The new building could be a prison, a bank, an insane asylum. There is nothing about it that proclaims the grandeur of free government or the dignity of justice. Instead of murals it has Muzak; instead of a soaring central court, it has squalidly low corridors; instead of the beauty of carved marble, it has dusty plastic plants. And now—almost empty—the old courthouse is threatened with demolition.
Its loss would be particularly sad for Hudson County and for Jersey City. In The Image of the City , a book published by the Joint Center for Urban Studies, a co-operative venture of the Massachusetts Institute of Technology and Harvard University, Jersey City was one of the places discussed. The Center found that, in sharp contrast to Boston, where the citizen related his life and experience to the State House, Back Bay, Beacon Hill, the Common, the South End—and had a richer existence because of it- the citizen of Jersey City had only a vague idea of the boundaries of his city, little knowledge of any landmarks, and almost no pride in his town. “This is really one of the most pitiful things about Jersey City,” a woman told an interviewer. “There isn’t anything that if someone came here from a far place, that I could say, 1Oh, I want you to see this, this is so beautiful.’” The courthouse, even now, could be that beautiful thing.
In 1961, Theodore Conrad, a native of the county and one of America’s best-known builders of architectural scale models, ran unsuccessfully for councilman in Jersey City. Conrad’s principal campaign issue was a plan he had drawn up to save the old courthouse. Under this plan, the county would transfer ownership of the courthouse to Jersey City for use as a city hall. (The present city hall is literally falling down.) In front of the courthouse Conrad proposed a mall, part of the cost of which would be met by the Greenacres Fund, a state program that finances the creation of open spaces in cities and counties. Placed around the mall would be other civic buildings and a museum. This plan would have saved the old courthouse building and would have given to Jersey City and to Hudson County the civic core they so badly need. Although Conrad was later appointed a commissioner on the Jersey City Redevelopment Agency, his council defeat deprived friends of the old courthouse of a spokesman among elective city officials. And no aspect of Conrad’s plan has been implemented.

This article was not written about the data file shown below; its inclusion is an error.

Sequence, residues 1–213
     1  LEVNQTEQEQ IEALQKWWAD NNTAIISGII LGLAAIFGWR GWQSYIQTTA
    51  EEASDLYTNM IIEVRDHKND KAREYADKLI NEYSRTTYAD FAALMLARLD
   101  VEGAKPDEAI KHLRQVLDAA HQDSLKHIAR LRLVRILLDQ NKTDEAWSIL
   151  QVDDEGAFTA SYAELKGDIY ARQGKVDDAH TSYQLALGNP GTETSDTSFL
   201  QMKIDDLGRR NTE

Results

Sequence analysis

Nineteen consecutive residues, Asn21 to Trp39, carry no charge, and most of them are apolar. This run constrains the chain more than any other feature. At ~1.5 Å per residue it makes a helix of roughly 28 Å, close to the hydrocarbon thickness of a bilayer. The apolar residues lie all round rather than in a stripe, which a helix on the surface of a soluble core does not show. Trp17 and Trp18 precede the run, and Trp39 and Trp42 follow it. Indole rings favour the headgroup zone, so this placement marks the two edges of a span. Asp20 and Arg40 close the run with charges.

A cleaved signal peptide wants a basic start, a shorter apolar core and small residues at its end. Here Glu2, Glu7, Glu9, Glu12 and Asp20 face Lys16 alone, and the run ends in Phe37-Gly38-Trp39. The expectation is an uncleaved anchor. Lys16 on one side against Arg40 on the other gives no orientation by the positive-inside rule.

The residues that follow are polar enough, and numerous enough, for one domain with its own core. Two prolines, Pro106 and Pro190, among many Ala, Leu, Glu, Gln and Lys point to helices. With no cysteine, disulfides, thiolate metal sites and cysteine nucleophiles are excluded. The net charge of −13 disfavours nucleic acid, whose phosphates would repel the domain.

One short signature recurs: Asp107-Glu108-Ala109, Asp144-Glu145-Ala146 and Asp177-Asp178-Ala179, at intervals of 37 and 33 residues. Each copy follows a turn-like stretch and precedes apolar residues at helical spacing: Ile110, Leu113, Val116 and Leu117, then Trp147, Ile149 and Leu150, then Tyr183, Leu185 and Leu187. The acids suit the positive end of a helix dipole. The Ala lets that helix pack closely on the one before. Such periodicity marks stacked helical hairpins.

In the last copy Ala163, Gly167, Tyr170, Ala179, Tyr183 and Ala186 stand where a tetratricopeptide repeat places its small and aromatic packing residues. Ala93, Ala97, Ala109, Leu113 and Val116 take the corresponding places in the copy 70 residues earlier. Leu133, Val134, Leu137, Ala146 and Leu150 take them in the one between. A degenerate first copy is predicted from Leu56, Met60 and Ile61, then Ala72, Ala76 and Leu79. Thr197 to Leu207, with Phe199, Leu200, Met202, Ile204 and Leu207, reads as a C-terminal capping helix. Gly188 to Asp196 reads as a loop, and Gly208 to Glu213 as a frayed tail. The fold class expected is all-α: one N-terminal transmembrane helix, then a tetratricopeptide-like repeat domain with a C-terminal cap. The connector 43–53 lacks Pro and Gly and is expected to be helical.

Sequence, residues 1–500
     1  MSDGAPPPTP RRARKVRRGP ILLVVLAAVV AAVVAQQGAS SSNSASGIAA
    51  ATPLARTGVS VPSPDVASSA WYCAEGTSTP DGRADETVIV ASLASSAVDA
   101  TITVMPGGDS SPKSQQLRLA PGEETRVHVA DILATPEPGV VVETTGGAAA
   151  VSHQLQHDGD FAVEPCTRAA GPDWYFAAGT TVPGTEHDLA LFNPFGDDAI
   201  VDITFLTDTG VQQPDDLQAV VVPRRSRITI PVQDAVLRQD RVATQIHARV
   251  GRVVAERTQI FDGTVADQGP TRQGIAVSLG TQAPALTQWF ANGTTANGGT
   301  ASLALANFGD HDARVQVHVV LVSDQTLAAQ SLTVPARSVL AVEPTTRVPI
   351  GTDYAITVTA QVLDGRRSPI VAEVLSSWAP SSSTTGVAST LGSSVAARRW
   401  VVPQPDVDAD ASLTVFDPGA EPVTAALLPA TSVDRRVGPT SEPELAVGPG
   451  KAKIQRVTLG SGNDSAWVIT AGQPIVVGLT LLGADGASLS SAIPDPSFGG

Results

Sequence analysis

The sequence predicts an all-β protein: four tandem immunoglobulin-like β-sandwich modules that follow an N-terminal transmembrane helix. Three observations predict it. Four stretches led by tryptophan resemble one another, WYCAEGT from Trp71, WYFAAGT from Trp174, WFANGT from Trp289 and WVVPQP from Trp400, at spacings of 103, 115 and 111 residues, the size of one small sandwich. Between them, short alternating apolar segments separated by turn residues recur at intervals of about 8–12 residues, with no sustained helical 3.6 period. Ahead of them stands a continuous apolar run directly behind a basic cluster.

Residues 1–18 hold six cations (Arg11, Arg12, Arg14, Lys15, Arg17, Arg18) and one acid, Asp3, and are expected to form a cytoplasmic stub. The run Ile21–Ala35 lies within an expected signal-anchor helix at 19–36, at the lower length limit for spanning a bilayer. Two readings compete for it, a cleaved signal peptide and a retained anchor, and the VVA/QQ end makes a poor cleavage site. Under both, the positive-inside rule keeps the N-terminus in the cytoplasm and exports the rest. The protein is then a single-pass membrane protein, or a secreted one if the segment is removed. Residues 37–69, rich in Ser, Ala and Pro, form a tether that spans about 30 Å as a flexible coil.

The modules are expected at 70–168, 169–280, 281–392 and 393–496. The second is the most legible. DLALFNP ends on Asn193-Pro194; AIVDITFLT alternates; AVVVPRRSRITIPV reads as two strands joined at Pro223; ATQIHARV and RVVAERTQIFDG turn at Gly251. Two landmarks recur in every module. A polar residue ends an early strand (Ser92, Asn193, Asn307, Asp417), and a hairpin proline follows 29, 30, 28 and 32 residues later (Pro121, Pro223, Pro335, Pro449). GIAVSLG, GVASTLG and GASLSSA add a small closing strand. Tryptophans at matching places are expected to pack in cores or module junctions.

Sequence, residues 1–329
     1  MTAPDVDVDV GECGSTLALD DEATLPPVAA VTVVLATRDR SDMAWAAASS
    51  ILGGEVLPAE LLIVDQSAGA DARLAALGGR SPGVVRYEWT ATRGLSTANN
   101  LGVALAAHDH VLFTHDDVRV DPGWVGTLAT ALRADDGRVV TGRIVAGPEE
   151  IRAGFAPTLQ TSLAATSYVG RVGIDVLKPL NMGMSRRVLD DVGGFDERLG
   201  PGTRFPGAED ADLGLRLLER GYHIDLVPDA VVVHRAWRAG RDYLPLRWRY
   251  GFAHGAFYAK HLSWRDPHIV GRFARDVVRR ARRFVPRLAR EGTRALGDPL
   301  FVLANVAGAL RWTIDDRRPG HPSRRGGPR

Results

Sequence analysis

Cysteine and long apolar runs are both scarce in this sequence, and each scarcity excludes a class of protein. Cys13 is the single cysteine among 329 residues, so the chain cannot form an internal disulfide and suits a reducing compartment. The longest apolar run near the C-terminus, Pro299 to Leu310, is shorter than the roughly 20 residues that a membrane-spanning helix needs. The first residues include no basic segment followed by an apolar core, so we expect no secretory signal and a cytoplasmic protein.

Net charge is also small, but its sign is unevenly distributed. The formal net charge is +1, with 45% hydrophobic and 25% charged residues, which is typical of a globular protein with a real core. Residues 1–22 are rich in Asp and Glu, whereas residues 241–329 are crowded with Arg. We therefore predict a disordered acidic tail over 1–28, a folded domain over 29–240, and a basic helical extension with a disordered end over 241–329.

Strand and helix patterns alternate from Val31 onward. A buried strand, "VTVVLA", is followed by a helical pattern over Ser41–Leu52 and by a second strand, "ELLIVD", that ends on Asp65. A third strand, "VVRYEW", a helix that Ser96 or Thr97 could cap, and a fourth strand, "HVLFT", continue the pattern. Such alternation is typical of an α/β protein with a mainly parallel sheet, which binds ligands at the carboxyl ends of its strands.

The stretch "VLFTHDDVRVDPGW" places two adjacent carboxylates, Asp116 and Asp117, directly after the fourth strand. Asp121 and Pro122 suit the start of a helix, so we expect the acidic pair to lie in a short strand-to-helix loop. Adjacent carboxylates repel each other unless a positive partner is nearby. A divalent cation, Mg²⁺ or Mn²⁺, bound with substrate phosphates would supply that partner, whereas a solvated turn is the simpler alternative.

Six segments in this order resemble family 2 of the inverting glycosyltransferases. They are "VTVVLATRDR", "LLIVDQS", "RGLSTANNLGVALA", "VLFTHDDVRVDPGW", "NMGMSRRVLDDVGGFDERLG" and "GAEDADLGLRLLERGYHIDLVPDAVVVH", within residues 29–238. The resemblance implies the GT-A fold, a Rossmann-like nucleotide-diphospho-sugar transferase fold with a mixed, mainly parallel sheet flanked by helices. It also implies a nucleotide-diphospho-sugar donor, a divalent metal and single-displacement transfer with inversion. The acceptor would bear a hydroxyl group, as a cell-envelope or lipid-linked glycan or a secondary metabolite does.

When, during the First World War, the Germans destroyed the Cloth Hall at Ypres, an angry humanity cried out against the barbarism of the Hun. Now the great monuments of America’s past—Charles McKim’s Pennsylvania Station, in New York City, Louis Sullivan’s Schiller Building in Chicago, Alexander Jackson Davis’ Harral-Wheeler House in Bridgeport, Connecticut—come down, and the silence is rarely disturbed by anything other than the monotonous thud of the wrecker’s ball. The only excuse that we can give—that of economy—is a pitiful one for the richest nation in the history of the world. “What is happening now is hardly more than what happened in Rome in the Dark ages,” the architectural historian Edgar Kaufmann has written. “Men tear down great works, and put up the best they can.”